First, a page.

The wind blows the tops off the waves as they hit the reef, hump up and crash onto the rocky shore at the foot of Montauk Point Lighthouse. All you hear is wind and moving water. The temperature is in the 30s, the wind is gusting to 25 knots or more out of the north-northeast, and the rain backhands your face. Dawn is late.
Welcome to November in Montauk, New York, one of the storied waypoints for southbound striped bass and other migrants.
Mike Sandhaas and Mike Tripptree are down in the rocks, casting smack into the wet, gray mess. A big, sloppy wave rolls in, and I watch as they turn their heads and tuck their chins as the spray comes over the top. A small American flag tied to Sandhaas’ plug bag flaps in the chilly breeze.
New York City firefighters and fishing partners for more than 20 years, they fish their way around the point and into Turtle Cove, working as a team.
They cast with precision in the rough conditions, covering each section of white water thoroughly with bucktails and plugs before moving to the next. They are on the hunt. And they move easily and deliberatively over the slick terrain, with confidence and more speed than I would have guessed of men in their 50s. Despite the wind, drizzle and cold, their fishing remains focused and controlled.
They laugh easily at the raw morning, where our only companions are seals, gannets, gulls and rafts of sea ducks.
“Now that was combat fishing,” says Sandhaas, who is known as “Sandy” in the firehouse. “The light looked good, but the water just isn’t clear enough. It got cloudy and brown. That’s a killer.”
We grab some egg sandwiches, coffee and “the papers,” and retreat to the house the men are renting to warm up, dry out and regroup. Things are slow, and Sandhaas and Tripptree have been putting in their time scouting and figuring out their next move.
“It’s like a chess game going on out here,” says Sandhaas, 52, who has been fishing Montauk for 35 years. “Hunt and peck, hunt and peck. We jump around pretty good. And we can cover a lot of ground just with a few good phone calls.” And, he adds, “We like to have one or two moves in advance.”
We’ll see what the afternoon brings.
Sandhaas and Tripptree aren’t high-profile fishermen. They don’t write blogs or books, and they don’t have a television show. They certainly didn’t seek this story.
They are capable, hard-working surf fishermen, straight-ahead guys who are good company on a cold, windy beach as the sun goes down, chili warms on a Coleman stove and a bottle is passed. There’s nothing pretentious or phony about them.
“We’re simple guys,” says Sandhaas, a lifelong angler who lives in Amity Harbor, New York, on Long Island. Most of his fishing buddies are firefighters. “We’re all cut from the same cloth. We’re all knuckleheads.”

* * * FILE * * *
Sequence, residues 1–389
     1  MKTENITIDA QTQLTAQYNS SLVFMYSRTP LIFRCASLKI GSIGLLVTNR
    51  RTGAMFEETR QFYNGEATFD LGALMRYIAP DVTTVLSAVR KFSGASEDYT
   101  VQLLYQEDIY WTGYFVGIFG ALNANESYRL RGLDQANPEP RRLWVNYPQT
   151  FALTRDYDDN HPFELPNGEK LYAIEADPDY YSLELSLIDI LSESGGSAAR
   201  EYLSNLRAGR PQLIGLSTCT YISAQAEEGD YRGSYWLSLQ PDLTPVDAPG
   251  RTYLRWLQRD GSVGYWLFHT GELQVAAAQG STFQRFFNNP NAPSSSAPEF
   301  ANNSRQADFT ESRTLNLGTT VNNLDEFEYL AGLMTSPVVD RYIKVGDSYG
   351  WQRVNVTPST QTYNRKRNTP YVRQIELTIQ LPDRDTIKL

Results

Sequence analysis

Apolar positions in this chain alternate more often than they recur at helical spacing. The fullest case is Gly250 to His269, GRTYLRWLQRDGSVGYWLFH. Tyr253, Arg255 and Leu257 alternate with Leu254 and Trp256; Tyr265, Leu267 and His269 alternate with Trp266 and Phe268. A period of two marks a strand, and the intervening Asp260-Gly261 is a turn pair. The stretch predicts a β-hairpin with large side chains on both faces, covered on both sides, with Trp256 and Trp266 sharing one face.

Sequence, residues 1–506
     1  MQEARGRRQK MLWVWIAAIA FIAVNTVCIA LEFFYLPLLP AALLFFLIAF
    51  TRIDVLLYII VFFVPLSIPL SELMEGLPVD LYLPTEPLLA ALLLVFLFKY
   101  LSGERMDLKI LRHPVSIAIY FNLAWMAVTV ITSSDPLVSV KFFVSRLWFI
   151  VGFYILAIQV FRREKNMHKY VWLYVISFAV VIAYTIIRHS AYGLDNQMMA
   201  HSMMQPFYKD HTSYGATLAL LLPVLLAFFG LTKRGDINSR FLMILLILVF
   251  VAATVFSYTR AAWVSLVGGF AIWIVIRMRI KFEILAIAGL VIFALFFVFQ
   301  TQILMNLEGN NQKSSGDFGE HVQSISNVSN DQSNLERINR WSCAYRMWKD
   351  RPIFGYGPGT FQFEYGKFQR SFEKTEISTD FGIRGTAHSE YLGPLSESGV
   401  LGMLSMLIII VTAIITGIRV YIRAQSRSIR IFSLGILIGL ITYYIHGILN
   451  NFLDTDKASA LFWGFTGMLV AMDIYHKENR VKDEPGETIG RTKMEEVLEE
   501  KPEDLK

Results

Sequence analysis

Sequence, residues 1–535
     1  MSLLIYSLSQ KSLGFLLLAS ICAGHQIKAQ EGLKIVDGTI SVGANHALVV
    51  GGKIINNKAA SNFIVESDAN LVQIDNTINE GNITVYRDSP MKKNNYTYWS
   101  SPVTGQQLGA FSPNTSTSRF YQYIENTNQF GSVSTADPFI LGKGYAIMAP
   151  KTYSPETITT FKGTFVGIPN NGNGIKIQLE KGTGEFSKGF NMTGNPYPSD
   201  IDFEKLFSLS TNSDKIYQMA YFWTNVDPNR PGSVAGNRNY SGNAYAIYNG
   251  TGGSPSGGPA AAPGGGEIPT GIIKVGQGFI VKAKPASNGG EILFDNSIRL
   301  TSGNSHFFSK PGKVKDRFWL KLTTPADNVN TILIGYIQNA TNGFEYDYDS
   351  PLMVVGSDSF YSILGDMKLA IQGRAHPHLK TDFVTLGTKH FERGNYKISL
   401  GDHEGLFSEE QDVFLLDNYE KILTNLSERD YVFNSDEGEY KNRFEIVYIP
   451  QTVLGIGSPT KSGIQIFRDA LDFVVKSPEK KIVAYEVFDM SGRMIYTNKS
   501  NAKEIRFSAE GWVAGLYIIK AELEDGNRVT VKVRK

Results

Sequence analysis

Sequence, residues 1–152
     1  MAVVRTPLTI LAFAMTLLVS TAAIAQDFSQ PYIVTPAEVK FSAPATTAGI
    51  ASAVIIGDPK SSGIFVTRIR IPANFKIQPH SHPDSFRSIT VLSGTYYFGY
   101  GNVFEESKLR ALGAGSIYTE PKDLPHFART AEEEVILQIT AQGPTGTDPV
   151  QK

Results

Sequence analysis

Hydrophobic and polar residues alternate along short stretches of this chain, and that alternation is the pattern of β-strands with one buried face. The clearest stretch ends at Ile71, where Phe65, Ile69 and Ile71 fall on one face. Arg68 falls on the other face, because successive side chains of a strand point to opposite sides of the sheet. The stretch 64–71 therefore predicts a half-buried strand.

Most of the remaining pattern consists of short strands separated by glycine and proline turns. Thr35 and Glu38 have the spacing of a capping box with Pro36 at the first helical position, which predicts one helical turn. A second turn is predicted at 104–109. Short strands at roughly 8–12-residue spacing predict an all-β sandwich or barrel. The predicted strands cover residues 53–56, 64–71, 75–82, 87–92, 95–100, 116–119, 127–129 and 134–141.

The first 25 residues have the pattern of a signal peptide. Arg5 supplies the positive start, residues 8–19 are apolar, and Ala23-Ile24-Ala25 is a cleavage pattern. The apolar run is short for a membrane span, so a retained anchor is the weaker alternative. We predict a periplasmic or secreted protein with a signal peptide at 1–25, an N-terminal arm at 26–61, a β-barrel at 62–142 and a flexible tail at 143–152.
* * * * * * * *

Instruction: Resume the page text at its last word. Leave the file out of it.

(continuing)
Sandhaas is compact and strong, with a round, weathered face. He’s smart, talks fast and thinks fast, always has a plan. He is the oldest of six siblings — five younger sisters. “One bathroom and one phone,” says Sandhaas, who used to get up at 4:30 a.m., take a shower and go back to bed. “I grew up with five sisters, so I had to get out of the house. Fishing was my sanctuary.”
Tripptree is taller, several years older and laughs easily. A Long Island native, he comes from a family of city firefighters. His brother was a city firefighter. His uncle was a chief, and his five cousins were firefighters, as well. He got the fishing bug in a big way after joining the department. Both are modest, self-effacing fishermen, comfortable flying under the radar and quietly going about the business of catching.
“We don’t really consider ourselves sharpies,” says Tripptree of Long Beach, New York, who is 59 and retired. “There’s still so much to learn out here.”
Both men share a love of Montauk. “It’s magical,” says Sandhaas. “Every time we come out, I say, ‘Mikey, how can it get any better? How are we going to beat this?’ But we always do.”
Fish hard, fish smart
Sandhaas and Tripptree are part of a long line of Montauk fishermen who collectively have earned a reputation throughout the region as aggressive, Type-A surf nuts. Tough and competitive. Not surprisingly, New York City firefighters are near the top of that list, in part because their jobs are structured so they can take a few days off in a row after working a stretch of long hours. It’s hard to beat time on the water.
The pair fish hard, and they fish smart. Each cast is crisp. Nothing sloppy. I fished with them for two days, and they never stopped scouting: moving, casting, glassing, reading the water for signs of life. They like to catch — and they’re not afraid to work for their fish.
They’re sure-footed on the rocks, their moves planned and purposeful. I never saw them get careless or lackadaisical, even with the fishing slow. Not with a cast, a knot or how they handle their gear.
They make a good team, having fought fires together for 20 years.
“Mike and I are like bread and butter,” says Sandhaas. “We always fished together. We just clicked. We fish very similar. Mike’s a strategist. He knows when, where and how. We have a lot of respect for each other.”